This model has 100 percent scene coverage, 0.78x magnification, and a high frame rate option of 120fps to help track moving subjects more smoothly and with little lag.
This is superior to the older A7 III’s 2.36 million dot XGA OLED electronic viewfinder, which has the same magnification but is lower-resolution and only goes up to 60fps refresh rate.
The A7 IV features a fully articulating 3-inch, 1.03-million-dot LCD screen with improved touchscreen functionality, including focusing and navigating the significantly improved user interface and main menu system.
The screen on the A7 IV is a vari-angle design inherited directly from the A7S III, which for some users will be a significant improvement over the A7 III’s more limited 180-degree flip-up design.
You can flip the screen out to the side, rotate it forward for easier operation when pointing the camera at yourself, and fold it flat against the back of the camera to protect it from scratches.
Simply put, it’s a much more versatile screen for vlogging, filming, and photography in general.
The Sony A7 III was clearly ahead of its time in that it was one of the first mirrorless cameras to have two SD card slots, though only one of them supports the faster UHS-II standard.
The new A7 IV also has dual card slots, but one of them can now accept UHS-II SD cards as well as faster CFexpress Type A cards, just like the A7S III.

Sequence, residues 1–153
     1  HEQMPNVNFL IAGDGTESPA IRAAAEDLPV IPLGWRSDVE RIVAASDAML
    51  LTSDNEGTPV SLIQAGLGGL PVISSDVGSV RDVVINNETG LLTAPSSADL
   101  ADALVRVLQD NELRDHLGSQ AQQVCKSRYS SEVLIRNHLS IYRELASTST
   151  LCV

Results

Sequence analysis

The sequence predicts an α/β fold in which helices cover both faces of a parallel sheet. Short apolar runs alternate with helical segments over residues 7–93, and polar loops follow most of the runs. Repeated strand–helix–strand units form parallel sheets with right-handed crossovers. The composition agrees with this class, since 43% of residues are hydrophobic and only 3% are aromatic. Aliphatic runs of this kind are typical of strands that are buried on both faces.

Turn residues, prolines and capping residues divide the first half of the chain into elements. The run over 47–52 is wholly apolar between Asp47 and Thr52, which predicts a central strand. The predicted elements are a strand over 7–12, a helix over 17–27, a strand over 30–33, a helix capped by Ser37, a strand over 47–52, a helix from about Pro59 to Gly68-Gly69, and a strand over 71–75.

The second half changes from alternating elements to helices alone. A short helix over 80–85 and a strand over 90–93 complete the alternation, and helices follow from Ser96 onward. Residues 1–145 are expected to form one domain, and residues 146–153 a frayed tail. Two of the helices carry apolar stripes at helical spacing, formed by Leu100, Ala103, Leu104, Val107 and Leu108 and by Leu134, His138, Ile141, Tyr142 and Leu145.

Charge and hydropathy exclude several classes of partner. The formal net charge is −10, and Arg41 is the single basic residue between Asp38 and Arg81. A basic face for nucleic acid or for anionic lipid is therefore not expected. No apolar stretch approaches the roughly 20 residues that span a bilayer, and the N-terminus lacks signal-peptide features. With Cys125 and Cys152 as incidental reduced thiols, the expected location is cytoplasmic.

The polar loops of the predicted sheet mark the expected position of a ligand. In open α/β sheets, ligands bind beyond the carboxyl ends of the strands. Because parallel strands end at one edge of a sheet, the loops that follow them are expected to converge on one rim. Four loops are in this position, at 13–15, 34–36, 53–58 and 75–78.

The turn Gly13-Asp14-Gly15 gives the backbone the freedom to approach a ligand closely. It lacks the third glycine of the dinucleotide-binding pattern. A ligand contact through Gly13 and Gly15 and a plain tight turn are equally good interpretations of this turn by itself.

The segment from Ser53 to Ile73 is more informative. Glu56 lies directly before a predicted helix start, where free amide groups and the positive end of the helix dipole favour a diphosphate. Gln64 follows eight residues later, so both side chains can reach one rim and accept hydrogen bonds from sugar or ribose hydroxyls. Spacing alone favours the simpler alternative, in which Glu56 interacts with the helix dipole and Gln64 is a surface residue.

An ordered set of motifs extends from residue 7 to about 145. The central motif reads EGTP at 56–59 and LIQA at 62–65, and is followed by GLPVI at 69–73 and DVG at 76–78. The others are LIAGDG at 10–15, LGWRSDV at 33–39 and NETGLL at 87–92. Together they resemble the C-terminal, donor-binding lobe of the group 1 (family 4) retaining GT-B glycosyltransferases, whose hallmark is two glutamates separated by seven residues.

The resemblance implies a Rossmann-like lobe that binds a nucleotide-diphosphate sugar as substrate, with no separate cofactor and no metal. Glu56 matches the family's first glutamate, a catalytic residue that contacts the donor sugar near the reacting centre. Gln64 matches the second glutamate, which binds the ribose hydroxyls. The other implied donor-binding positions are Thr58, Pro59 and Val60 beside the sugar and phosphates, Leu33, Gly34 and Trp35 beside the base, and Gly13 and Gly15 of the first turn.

The Sony A7 IV employs the same high-capacity NP-FZ100 battery as the A7 III, A7C, and A6600 models.
It has a CIPA-rated battery life of 610 shots when using the LCD screen, which is actually less than the A7 III’s battery life of 710 shots (for the LCD screen), possibly due to the faster BIONZ XR processor.
Both cameras can also be powered and charged via a USB-C connection, which is useful if you’re on the go and have a compatible power bank nearby.
The new A7IV has the fastest 5GHz Wi-Fi connectivity, whereas the older A7III is limited to 2.4GHz.
The Sony A7 IV is the latest camera to be released in 2021 that offers in-camera USB streaming – 10Gbps live streaming via its USB-C port, to be precise – allowing you to use the camera as a webcam. It can support up to 4K/15p or, more importantly, 1080/60p.
The much older A7 III model does not provide such a seamless experience; instead, it must be converted into a webcam using Sony’s Imaging Edge software.
The price of the new Sony A7 IV is one of the more contentious aspects of the device.
It costs £2399 / €2799 / $2499 body-only in the UK, Europe, and the US, which is significantly more than the current street price of the A7 III, which is around £1699 / $1799.
While the A7 III has been on the market for a few years and has naturally decreased in price, we believe Sony is being overly ambitious with the A7 IV.
It is no longer the “entry-level” model that its predecessor clearly was; instead, the A7 III will continue in that role, along with the more compact Alpha A7C (Sony always sells previous models).
Developing a successor to one of the most popular full-frame cameras in recent years was always going to be difficult, especially in light of rising prices and component shortages.
A lot has changed in the four years since the A7 III was released, and the new Mark IV is clearly a much more capable hybrid camera than its predecessor, at least on paper.
However, it is significantly more expensive than its older brother, as well as main competitors such as the Canon EOS R6, Nikon Z6 II, and Panasonic S1R.